As those who know me will attest, I have always been an advocate for patient autonomy, and informed and involved decision-making by patients, aided (but not dictated) by their clinician. In other words, a fan of the Rogers v Whittaker sanctioned ‘approach’ to medicine following the High Court’s decision.

Recently, with the growth of claims arising in the expanding elective/cosmetic medicine arena, the flip side of autonomy has been highlighted.

It is clear that with autonomy, there comes responsibility….

I have seen several cases of late that we have investigated, where on reflection it is clear that our clients were well informed as to their choices, but simply made ‘foolish’ decisions concerning their care and are now left with very poor outcomes/disfigurement.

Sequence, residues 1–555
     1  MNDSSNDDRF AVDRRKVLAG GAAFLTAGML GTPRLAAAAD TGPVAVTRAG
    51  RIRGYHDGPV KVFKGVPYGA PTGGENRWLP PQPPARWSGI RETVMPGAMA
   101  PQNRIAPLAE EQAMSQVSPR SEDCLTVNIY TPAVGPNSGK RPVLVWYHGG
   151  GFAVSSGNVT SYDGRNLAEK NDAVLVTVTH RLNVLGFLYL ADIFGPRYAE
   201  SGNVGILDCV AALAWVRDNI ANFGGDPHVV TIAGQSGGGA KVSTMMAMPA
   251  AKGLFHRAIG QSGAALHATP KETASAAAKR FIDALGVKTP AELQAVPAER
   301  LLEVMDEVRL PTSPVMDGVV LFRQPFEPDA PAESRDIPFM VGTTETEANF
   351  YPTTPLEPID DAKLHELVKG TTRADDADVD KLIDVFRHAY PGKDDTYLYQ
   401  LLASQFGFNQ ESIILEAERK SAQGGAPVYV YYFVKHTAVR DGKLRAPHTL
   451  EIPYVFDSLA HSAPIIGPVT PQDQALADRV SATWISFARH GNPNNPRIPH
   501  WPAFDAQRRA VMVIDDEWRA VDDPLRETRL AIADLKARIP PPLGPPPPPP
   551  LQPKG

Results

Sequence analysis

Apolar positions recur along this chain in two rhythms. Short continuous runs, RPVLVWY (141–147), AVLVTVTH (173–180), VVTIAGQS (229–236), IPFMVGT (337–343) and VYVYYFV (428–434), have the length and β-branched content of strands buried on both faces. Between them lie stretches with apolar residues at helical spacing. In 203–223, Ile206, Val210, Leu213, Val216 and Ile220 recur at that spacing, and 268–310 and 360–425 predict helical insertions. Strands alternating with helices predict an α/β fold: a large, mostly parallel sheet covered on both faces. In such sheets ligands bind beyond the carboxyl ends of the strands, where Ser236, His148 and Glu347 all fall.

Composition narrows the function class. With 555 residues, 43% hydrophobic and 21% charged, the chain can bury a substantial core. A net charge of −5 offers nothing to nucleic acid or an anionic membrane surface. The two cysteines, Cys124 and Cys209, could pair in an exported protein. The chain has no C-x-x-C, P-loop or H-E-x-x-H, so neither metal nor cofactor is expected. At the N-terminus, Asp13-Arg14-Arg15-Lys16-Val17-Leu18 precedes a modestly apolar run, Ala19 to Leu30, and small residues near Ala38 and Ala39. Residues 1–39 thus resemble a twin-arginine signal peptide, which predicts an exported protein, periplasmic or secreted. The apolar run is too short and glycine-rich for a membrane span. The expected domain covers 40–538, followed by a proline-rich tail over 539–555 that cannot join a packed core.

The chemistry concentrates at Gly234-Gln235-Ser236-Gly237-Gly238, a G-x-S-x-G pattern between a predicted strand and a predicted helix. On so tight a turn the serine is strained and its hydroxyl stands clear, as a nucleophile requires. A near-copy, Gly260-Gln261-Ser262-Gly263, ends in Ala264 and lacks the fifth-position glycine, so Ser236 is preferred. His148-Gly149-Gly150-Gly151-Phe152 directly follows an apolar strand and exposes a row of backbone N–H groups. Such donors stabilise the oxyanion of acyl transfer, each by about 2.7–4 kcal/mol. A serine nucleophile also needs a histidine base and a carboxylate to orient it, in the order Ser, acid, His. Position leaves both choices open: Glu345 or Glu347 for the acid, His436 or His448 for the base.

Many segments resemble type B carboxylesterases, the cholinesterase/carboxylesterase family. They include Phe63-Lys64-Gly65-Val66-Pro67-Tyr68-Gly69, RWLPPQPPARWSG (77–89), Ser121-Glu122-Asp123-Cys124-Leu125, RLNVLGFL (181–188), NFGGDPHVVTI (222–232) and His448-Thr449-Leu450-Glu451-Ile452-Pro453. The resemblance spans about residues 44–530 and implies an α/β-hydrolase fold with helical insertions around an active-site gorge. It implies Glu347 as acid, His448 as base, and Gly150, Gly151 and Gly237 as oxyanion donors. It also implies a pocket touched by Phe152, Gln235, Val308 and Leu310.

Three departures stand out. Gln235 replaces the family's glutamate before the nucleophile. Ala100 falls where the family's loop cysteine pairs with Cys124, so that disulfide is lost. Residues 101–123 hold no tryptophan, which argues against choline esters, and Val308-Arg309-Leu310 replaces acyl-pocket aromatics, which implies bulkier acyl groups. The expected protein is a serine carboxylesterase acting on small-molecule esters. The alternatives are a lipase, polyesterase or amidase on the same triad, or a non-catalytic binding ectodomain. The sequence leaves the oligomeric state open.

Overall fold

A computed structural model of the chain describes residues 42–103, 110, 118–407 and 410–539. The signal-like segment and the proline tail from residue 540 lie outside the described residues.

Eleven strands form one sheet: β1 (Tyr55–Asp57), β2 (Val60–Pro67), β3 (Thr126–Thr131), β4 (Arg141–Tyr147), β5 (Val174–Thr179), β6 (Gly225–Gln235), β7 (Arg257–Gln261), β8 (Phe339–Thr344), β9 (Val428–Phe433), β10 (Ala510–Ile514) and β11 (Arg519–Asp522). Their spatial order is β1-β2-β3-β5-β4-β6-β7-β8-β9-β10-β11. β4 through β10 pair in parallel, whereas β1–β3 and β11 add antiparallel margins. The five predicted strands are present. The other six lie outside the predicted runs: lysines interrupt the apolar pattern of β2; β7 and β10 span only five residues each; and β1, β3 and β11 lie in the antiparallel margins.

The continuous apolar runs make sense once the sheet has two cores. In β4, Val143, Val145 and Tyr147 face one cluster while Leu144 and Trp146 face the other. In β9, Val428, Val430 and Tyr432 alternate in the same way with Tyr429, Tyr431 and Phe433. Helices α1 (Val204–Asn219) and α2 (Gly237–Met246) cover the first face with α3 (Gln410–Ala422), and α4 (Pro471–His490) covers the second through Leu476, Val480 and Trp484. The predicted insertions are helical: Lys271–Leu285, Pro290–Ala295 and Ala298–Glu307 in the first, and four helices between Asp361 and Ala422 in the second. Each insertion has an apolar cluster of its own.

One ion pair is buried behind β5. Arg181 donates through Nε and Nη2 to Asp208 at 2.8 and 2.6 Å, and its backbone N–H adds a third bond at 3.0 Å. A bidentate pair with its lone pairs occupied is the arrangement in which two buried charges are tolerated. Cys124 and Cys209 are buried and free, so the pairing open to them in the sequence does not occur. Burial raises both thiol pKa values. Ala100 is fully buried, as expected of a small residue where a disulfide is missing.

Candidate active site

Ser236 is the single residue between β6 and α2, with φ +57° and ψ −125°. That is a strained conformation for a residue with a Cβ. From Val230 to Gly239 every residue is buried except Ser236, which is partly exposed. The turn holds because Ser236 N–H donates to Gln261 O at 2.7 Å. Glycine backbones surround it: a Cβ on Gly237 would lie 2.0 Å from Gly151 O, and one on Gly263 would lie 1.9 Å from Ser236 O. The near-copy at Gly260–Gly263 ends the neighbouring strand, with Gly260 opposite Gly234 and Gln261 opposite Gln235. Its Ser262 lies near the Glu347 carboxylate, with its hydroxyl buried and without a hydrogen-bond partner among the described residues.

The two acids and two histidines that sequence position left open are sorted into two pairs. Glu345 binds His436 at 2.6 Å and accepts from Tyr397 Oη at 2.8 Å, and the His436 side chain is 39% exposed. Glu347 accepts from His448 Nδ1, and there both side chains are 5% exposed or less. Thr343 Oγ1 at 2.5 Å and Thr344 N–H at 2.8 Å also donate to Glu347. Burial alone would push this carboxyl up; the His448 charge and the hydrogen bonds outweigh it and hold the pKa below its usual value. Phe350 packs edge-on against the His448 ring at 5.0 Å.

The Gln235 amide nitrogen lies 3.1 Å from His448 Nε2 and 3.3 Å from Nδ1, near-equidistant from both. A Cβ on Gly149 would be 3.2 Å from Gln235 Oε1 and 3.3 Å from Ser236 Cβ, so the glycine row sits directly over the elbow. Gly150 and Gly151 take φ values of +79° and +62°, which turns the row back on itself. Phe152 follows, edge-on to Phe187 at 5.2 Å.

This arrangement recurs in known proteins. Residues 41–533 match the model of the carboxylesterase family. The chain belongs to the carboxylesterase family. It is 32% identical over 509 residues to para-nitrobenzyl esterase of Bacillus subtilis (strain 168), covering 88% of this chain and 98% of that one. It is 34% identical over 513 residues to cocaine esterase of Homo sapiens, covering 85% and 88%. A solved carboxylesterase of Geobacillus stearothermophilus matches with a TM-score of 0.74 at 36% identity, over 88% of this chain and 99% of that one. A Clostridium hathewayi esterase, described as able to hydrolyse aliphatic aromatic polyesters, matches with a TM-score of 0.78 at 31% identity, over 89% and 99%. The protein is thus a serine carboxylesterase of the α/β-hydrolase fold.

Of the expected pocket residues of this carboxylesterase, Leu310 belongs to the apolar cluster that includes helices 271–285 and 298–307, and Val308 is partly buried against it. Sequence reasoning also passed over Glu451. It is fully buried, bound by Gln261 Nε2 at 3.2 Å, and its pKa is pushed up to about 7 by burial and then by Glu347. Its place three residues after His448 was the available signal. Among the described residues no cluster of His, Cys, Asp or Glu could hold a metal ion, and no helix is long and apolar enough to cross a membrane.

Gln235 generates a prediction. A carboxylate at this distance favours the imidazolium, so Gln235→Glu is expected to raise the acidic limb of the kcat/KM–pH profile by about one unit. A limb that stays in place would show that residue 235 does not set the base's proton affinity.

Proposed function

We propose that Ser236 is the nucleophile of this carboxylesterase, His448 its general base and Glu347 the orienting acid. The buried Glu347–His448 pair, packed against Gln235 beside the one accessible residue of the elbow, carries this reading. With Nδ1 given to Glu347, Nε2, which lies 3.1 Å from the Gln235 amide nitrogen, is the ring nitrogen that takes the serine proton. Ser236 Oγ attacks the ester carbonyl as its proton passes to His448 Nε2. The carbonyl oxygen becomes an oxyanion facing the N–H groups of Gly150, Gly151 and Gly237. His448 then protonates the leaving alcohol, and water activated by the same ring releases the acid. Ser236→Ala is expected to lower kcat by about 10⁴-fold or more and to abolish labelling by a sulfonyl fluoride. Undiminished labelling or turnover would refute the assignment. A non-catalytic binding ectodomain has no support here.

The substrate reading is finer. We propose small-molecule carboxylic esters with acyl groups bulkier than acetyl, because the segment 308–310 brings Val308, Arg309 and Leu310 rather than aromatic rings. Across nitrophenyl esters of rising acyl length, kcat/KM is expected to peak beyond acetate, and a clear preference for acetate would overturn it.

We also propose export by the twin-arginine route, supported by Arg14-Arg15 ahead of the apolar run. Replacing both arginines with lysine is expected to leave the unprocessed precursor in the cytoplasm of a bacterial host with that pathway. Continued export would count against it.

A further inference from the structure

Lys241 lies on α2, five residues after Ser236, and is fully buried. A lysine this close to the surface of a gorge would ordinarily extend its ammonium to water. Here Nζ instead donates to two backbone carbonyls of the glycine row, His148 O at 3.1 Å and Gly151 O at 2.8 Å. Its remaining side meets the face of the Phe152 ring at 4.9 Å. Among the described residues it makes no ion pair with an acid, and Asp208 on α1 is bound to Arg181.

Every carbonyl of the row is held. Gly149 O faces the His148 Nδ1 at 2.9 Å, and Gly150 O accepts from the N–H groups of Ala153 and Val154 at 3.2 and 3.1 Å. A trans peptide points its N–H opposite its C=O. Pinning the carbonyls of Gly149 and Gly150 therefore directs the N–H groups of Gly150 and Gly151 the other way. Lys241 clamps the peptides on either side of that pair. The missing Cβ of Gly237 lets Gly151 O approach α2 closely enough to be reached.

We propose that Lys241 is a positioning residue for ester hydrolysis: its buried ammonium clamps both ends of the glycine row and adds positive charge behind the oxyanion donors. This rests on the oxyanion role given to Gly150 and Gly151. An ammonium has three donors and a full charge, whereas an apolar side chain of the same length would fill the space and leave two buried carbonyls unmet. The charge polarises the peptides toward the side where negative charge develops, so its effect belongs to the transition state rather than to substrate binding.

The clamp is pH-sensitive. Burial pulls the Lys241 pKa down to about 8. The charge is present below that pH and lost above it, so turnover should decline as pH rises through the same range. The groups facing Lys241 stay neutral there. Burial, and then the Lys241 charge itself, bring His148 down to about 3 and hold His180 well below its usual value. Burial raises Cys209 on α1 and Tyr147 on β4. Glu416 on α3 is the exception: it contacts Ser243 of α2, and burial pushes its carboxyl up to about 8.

Most obviously, breast augmentation surgery gone wrong, when no such surgery was sensibly justified, or lap band surgery for weight loss that could have been achievable by far less radical means.

In a former era of ‘doctor knows best,’ and medical paternalism, such patients would not have proceeded. The doctor would simply have said ‘no.’

Whilst I do not advocate in any form a return to such era, this result is interesting. The High Court’s recognition that the patient should be informed and make choices concerning their health care etc, also results in their having to accept responsibility for such choice (and consequences), if poorly made…. A result I had not foreseen… But.. you can’t have it both ways. Either this is right and the patient must ‘wear’ the consequences of their poor choice, or we return to a process where their decision-making is in form only….